A subcommittee of Southern California’s pollution watchdog stopped short of recommending Saturday to its governing board that toxic modified hydrofluoric acid be phased out at refineries in Torrance and Wilmington, but did agree the plants need to implement additional safety measures.
The South Coast Air Quality Management District’s Refinery Committee also directed the agency’s staff to find out more about an additive in the acid used to reduce the risk of creating a toxic gas cloud during an accidental release, including the level currently in use at the two refineries. The committee wants a report back on the issues in 90 days.
The two South Bay refineries are the only ones in the state still using the potentially lethal chemical.
Board member Joe Lyou, president and chief executive officer of nonprofit group The Coalition for Clean Air, characterized the committee’s position in not recommending a ban as simply not possessing sufficient information.
“I wish alternative technologies (to using hydrofluoric acid) were further along,” he said. “I don’t think they’re at a place we can mandate (using them).”
At least one board member said he was reticent to phase out use of the chemical now because the potential cost in the hundreds of millions of dollars could mean closure of the twin refineries, which employ hundreds of workers.
The board’s mid-afternoon decision came at the end of a lengthy meeting Saturday at Torrance City Hall attended by more than 500 local residents and blue-clad refinery workers.
Hydrofluoric acid is considered one of the world’s most dangerous chemicals, capable of forming a toxic gas cloud if it is inadvertently released, experts say. It is so “highly hazardous” it’s basically considered a “systemic poison,” UCLA professor and chemical safety expert Craig Merlic told the board.
The modified form of the chemical in use locally possesses an additive that inhibits the formation of a toxic gas cloud, but at most only provides a 30 percent reduction – and likely less – in its size, AQMD staff said.
That was largely why the board directed staff to discuss the additional safety measures with the two refineries, which will include enhancements to current safety measures such as more automated systems in the event of an accidental release and increased HF monitoring.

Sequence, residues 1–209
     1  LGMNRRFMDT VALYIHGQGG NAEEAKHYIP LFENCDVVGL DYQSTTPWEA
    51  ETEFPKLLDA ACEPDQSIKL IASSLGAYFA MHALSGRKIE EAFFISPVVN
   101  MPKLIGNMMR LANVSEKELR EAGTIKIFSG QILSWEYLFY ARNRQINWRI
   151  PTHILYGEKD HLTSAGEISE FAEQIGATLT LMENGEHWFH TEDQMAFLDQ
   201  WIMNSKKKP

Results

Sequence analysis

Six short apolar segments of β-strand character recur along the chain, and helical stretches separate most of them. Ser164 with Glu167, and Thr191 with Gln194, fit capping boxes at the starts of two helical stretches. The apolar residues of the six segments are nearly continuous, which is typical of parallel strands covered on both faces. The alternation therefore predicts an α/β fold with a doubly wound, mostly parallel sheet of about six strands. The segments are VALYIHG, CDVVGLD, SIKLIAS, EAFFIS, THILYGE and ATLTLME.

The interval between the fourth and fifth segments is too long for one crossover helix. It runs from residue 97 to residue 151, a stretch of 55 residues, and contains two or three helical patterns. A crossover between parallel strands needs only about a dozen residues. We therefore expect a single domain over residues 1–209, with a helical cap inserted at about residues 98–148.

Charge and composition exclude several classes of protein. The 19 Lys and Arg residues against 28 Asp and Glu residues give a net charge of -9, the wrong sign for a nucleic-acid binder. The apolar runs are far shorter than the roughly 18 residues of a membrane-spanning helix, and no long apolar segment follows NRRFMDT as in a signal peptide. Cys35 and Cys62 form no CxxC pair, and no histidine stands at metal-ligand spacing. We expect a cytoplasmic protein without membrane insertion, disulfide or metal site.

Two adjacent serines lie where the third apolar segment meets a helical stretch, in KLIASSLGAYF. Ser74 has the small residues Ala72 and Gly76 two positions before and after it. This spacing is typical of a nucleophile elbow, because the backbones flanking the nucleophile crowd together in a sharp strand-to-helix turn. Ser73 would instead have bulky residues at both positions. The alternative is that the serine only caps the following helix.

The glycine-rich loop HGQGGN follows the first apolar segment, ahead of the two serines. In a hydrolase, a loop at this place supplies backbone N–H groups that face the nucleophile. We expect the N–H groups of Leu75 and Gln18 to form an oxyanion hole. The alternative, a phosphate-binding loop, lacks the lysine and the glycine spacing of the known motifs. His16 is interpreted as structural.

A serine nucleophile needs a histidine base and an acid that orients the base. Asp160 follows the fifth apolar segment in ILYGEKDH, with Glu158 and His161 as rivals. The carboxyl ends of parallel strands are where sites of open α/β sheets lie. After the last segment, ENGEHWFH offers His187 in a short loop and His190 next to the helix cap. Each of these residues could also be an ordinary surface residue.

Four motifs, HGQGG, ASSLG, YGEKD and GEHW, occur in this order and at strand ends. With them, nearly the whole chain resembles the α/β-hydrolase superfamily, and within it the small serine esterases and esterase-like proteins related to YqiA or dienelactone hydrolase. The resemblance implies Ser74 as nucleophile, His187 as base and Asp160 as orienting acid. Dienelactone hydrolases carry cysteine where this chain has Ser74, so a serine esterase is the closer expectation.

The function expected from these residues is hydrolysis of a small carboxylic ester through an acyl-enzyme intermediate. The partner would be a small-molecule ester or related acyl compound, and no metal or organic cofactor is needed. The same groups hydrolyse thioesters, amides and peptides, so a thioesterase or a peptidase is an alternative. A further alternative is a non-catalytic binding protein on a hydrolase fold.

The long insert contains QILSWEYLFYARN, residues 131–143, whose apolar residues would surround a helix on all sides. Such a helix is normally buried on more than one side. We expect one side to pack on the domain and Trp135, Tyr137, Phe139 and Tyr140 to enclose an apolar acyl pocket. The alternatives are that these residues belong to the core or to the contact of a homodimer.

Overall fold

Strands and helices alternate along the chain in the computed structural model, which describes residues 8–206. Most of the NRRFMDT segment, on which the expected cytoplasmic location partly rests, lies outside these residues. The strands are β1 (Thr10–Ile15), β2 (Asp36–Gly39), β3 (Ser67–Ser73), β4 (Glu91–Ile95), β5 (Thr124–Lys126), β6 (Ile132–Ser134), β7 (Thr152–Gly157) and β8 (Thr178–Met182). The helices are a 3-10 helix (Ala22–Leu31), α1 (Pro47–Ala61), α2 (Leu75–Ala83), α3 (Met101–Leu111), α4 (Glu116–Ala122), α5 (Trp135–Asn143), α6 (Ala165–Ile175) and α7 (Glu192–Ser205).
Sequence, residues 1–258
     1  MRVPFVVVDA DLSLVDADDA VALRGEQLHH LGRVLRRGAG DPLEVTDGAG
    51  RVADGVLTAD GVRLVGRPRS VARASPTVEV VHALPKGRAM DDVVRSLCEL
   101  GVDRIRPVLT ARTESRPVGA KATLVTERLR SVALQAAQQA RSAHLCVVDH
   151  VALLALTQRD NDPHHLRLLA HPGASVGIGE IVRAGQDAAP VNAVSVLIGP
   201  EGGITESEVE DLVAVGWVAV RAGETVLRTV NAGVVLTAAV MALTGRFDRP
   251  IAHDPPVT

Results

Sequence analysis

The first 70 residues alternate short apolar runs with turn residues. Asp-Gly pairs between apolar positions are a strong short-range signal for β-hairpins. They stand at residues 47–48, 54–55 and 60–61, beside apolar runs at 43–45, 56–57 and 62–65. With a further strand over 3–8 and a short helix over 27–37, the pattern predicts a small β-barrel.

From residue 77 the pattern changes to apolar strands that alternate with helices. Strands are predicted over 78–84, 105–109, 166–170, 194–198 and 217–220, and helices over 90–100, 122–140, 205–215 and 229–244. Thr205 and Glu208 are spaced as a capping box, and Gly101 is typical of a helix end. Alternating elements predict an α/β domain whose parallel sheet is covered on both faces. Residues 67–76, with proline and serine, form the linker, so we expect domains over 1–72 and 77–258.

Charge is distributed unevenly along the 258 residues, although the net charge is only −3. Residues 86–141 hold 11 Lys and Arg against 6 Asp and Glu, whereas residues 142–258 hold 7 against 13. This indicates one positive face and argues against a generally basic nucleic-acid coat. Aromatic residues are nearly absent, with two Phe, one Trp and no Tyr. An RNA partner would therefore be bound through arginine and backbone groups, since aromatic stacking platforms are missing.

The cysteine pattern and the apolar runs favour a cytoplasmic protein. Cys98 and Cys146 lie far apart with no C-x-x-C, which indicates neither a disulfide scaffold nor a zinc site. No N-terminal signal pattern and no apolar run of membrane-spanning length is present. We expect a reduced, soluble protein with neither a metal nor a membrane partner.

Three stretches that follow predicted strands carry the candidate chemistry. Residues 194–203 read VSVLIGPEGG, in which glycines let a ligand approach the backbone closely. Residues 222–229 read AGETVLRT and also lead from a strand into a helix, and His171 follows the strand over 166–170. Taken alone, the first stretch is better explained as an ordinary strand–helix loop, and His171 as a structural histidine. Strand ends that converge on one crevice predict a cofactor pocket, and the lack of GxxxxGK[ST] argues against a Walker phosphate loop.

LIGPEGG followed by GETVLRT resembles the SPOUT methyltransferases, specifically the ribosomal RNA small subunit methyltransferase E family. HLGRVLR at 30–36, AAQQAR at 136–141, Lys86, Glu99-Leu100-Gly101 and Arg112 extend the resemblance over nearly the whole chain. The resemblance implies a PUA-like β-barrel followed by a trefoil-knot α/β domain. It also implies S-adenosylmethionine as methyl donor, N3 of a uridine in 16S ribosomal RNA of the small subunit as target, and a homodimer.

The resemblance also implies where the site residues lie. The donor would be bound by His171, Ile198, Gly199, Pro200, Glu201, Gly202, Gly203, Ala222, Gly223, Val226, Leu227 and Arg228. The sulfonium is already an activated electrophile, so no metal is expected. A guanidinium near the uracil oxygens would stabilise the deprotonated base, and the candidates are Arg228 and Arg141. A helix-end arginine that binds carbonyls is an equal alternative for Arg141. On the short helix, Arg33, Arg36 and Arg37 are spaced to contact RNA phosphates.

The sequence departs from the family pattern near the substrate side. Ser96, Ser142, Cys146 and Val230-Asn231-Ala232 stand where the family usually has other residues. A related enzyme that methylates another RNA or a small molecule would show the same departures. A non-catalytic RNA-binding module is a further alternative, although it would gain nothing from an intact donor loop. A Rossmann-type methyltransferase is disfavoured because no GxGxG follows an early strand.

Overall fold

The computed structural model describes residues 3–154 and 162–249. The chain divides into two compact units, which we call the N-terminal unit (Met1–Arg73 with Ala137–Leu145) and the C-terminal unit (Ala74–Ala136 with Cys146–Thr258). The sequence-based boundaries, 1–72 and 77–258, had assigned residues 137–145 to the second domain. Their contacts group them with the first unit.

It was clear many on the board had reservations about the continued use of HF, with Rolling Hills Estates Councilwoman Judy Mitchell being the most blunt.
“A risk well-managed may well be a risk too great,” she said, echoing the title of a study published a few years ago that advocated getting rid of HF. “In my opinion, it is an unacceptable risk.”
A lack of information about the properties of HF, a proprietary chemical manufactured by Honeywell, hampered the board’s ability to reach any decision, several panelists said.
“We want to find out from Honeywell the minimum percentage of additive needed to mitigate the risk of an accidental release,” said Sam Atwood, AQMD spokesman, after the meeting.
Board members were frustrated that it appeared no one had tested the modified hydrofluoric acid’s capability of providing an increased level of safety and that answers to some basic questions about the chemical were unavailable. That was in part due to trade secrets, but also was related to the “extreme challenge” posed by conducting tests on such a hazardous chemical, AQMD staff said.
“To have the comfort of hard data, we don’t have that,” conceded Wayne Nastri, AQMD chief executive officer, who admitted the agency didn’t know for sure the percentage of additive employed at the refineries.
The public debate was triggered three years ago by an explosion and fire at the Torrance refinery. A U.S. Chemical Safety Board assessment of the explosion said debris from the blast narrowly missed a tank containing hydrofluoric acid, falling just short of a release of the highly toxic chemical. Some experts and activists fear such a release could be catastrophic, putting many lives at risk in the surrounding community.
Exxon Mobil sold the refinery to PBF Energy in 2016.
Sally Hayati, president of grassroots group Torrance Refinery Action Alliance, called the decision to at least improve refinery safety systems a “victory of sorts” that wouldn’t have occurred without the public outcry over HF.
“We look at it as the first step,” she said. “This is just the start of what needs to be done.”